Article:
When former teammates Ricky Ponting and Justin Langer met for a meal in Sydney little did they know that Australia were set to break an unwanted record that stood for over thirty years.
For the first time since 1988, Australia were forced to follow-on in a home Test match when Indian captain Virat Kohli sent them into bat a second time in the fourth and final match of the series in Sydney.
Despite the immense pressure of expectations and the noise regarding team selections since the ball-tampering crisis, former captain Ponting believes Langer is the right person to be in charge of the Australian side.
“I had dinner with him last night, just to be a bit of a sounding board for him and give him a bit of support," Ponting told cricket.com.au.
“It’s a tough time - the team aren’t playing well, the media are pretty hard on all the players and the coaching staff.
“But one thing I’ve said since he took the job is that you could not find a better person in the world to be in charge of the Australian cricket team right now.
“There might be other opinions out there about that, but I know Justin well.
“I’m speaking to the players a lot, they’re all happy with the environment being created.
“They’re working hard, and so far they haven’t got the results but I think where we’ve seen Australian cricket over the last seven or eight months, things weren’t going to change and turn around immediately.
“But I know they’re on the right path, and certainly that’s what all the players are saying."
Ponting agrees that the role of Australian coach involves great scrutiny and takes a big toll on the individual, especially when the team isn’t doing well.
However Ponting, who has played and worked closely alongside Langer, says the burden is not crushing him, even if there are days when it must overwhelming.
“Any time you’re part of the Australian cricket team, you want to want to have success and success is almost demanded of you if you’re a player or a coach," Ponting said today.
“That hasn’t come quite as regularly as the players or Justin would have liked.
“No doubt it’s taking its toll, but not in a negative way whatsoever.
“He’s doing his job brilliantly well - he’s passionate about it, and wants to be the best coach Australia’s ever had.
“He won’t leave any stone unturned to give himself the best chance to do that.
“I think he would have known what he was getting himself into when he took the job.
“Having been a bloke who played 100-odd Tests and worked with teams that I played in as a batting coach, I think he was pretty aware of what would be coming.
“And then obviously taking over when (banned duo Steve) Smith and (David) Warner both went out together, I think his challenges grew even more as a result of that.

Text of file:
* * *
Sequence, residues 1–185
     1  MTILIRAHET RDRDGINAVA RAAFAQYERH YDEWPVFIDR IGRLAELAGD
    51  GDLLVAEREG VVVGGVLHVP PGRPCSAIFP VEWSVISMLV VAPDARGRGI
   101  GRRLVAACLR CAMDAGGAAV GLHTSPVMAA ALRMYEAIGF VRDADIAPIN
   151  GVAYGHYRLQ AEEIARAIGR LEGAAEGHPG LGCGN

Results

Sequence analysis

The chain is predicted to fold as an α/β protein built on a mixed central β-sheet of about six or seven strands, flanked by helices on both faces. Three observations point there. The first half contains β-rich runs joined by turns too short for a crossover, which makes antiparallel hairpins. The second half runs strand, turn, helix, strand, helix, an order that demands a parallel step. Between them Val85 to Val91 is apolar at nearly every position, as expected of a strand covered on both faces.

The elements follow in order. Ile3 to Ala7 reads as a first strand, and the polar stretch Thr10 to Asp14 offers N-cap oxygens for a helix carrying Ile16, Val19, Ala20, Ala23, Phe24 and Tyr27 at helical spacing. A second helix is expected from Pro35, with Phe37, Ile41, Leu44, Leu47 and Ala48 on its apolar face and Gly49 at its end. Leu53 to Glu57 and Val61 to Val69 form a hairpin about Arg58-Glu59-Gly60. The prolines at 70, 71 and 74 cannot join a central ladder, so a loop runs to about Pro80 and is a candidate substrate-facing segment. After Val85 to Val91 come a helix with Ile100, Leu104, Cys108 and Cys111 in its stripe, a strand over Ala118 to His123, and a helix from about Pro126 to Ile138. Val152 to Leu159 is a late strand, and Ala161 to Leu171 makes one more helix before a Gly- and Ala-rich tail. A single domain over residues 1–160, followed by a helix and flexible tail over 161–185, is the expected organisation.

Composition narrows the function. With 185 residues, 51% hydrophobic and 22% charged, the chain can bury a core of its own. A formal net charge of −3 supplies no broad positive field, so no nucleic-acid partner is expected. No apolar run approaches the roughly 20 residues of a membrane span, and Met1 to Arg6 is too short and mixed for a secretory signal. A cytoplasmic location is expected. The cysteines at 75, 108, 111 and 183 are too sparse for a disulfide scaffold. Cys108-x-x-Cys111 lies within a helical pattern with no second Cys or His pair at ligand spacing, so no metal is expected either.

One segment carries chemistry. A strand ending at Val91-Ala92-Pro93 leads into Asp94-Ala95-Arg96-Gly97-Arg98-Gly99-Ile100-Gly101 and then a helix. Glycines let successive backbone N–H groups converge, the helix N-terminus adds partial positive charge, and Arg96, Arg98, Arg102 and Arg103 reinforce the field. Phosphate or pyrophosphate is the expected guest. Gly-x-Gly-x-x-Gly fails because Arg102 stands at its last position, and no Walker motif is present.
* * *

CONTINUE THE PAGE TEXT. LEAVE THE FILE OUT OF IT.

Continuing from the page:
“They just haven’t played a level of cricket that he would have expected, and I’m sure that the players haven’t played the way they would have wanted to either as yet.
“That’s where I think tomorrow becomes so important.
“There’s still a lot to gain for the individual players and this team out of the last day of this contest.
“As a batsman, you’ve got to take every run that you can possibly get because they don’t come around that easily, as our batsmen have seen throughout this series.
“And just a bit of pride in team performance can sometimes go a long way."
Ponting referred to a moment from the fourth day of the SCG Test itself to make his point.
The former captain was baffled by Nathan Lyon’s decision to not review an lbw decision when they had two wickets in hand and two reviews to use, especially with the Test on the line. According to Ponting that lapse is inexcusable.
Ponting also had no issue with internal criticism levelled at the team by bowling coach David Saker as well as Langer after the opening day of the game, but said that the details should not have been made public.
“One thing I know about Justin is that he’s not shy to have a pretty open and honest conversation with anybody, and that’s what you expect from a coach," Ponting said.
“It’s no good patting people on the back day-in, day-out when they’re not doing things you’re expected to do.
“I’ve been around the team a bit the last 12 months, I’ve seen David Saker do the same thing and if I was a player and I was playing like this team is playing now, I’d expect a bit of a kick in the pants every now and then as well.
“The disappointing thing for me is that it’s spoken about publicly
“Those things don’t need to be spoken about publicly, they can stay within the four walls of the dressing room.
“Hopefully everyone that was involved in that meeting has learnt a bit from it and they can be better as a result."